What Will Be Asked
When you take the initial steps to apply for disability benefits, it is important to know what types of questions you can expect during the Social Security Disability interview. Since this can feel like an overwhelming situation, we hope this will help you feel prepared and ready to go for your appointment. The next couple of paragraphs address different types of questions you can expect in your interview.
Obviously, you are applying because you have a physical or mental condition that keeps you from working. The interviewers will ask you a series of questions regarding your condition(s). You should be prepared to discuss what your conditions are, when they became disabling, and what specifically about the conditions stopped you from being able to work. It is even more beneficial to have the names, address, phone numbers, and dates of your visits to your doctors. You will be asked what medications you have been on and what medical tests you have had completed by your treating doctors.
They are also going to ask you about your work history, marital status, financials, and living arrangements. It is important to have a date you last worked and where you have been receiving treatment. You will also be asked your marital status and some specifics regarding your spouse’s income. If you are applying for supplemental security income, you will be asked additional information regarding your living arrangement. These questions usually focus on who is living there and your current household expenses. There will also be questions regarding your and your spouses incomes, resources, investments, vehicles, homes and bank accounts.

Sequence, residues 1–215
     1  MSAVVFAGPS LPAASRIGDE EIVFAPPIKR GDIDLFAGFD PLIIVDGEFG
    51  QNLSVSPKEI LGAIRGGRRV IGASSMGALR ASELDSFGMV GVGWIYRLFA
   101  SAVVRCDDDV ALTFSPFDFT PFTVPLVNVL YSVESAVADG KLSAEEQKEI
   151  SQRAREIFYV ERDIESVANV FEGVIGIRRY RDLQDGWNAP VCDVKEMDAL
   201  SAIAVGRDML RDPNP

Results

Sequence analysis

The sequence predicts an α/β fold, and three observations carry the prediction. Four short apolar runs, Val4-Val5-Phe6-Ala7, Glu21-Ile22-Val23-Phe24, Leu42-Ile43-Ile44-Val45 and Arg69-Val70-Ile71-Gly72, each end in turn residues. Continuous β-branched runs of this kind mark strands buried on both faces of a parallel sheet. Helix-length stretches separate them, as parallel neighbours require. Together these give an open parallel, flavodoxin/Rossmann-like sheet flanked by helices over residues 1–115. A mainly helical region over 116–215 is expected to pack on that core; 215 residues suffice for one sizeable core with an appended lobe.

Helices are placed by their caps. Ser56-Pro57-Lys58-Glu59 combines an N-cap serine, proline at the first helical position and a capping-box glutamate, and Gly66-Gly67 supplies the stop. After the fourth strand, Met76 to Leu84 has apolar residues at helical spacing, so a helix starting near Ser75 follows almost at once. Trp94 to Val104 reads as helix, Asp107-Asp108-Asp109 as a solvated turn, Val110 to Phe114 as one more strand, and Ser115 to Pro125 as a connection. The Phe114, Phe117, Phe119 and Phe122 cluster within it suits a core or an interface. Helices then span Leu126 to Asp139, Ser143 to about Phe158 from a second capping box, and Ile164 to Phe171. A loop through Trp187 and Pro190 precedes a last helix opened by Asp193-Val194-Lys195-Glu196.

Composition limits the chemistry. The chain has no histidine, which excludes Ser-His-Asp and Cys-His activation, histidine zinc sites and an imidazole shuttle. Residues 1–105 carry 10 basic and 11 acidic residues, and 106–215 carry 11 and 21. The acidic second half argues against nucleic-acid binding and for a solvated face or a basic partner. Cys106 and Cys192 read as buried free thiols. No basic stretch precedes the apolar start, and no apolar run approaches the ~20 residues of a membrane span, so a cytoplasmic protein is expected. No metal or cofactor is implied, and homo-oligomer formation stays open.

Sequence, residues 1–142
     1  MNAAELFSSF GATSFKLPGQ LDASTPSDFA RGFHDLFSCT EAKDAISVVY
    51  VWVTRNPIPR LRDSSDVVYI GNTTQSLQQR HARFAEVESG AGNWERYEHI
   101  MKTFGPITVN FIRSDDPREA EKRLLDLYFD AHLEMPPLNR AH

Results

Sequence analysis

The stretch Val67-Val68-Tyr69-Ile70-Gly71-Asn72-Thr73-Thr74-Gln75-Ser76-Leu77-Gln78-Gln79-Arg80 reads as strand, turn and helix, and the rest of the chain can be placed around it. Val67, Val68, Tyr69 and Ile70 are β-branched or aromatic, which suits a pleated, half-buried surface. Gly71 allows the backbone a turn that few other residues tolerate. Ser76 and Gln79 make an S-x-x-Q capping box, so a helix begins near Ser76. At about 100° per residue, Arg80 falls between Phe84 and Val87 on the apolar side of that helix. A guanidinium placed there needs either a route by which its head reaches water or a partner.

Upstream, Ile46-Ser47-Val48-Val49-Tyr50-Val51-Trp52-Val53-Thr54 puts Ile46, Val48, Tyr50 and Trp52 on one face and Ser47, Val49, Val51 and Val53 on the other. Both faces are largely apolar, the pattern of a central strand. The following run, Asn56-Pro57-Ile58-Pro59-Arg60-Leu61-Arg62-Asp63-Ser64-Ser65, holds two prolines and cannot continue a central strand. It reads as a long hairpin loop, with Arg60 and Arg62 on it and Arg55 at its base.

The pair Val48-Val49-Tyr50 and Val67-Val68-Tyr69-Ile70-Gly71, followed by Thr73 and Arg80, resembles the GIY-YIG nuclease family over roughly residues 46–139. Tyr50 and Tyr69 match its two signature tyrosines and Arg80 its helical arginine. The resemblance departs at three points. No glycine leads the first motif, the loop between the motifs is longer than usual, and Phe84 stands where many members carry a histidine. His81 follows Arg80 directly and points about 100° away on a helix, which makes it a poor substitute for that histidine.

Although this process can be long and intimidating, it helps to be prepared and to know what to expect. It is helpful to write as much of this stuff down before the interview, so you have it all in one place. Having it in writing will also ensure that you have correct dates as well as correct contact information for your medical providers. We highly recommend having this for your interview, not only for the reason listed above, but because it can help save some time by moving the interview along. A lot of the questions you will be asked are typically asked of you by your attorney as well so save a copy of any information you provide your attorney’s office.